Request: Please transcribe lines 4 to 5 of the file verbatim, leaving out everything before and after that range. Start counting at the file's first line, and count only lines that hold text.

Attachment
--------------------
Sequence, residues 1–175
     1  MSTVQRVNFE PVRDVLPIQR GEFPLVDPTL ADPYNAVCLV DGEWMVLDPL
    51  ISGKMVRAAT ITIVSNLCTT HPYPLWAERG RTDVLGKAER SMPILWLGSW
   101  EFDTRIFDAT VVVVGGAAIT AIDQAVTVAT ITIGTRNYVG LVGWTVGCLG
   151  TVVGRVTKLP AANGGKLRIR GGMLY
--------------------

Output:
   101  EFDTRIFDAT VVVVGGAAIT AIDQAVTVAT ITIGTRNYVG LVGWTVGCLG
   151  TVVGRVTKLP AANGGKLRIR GGMLY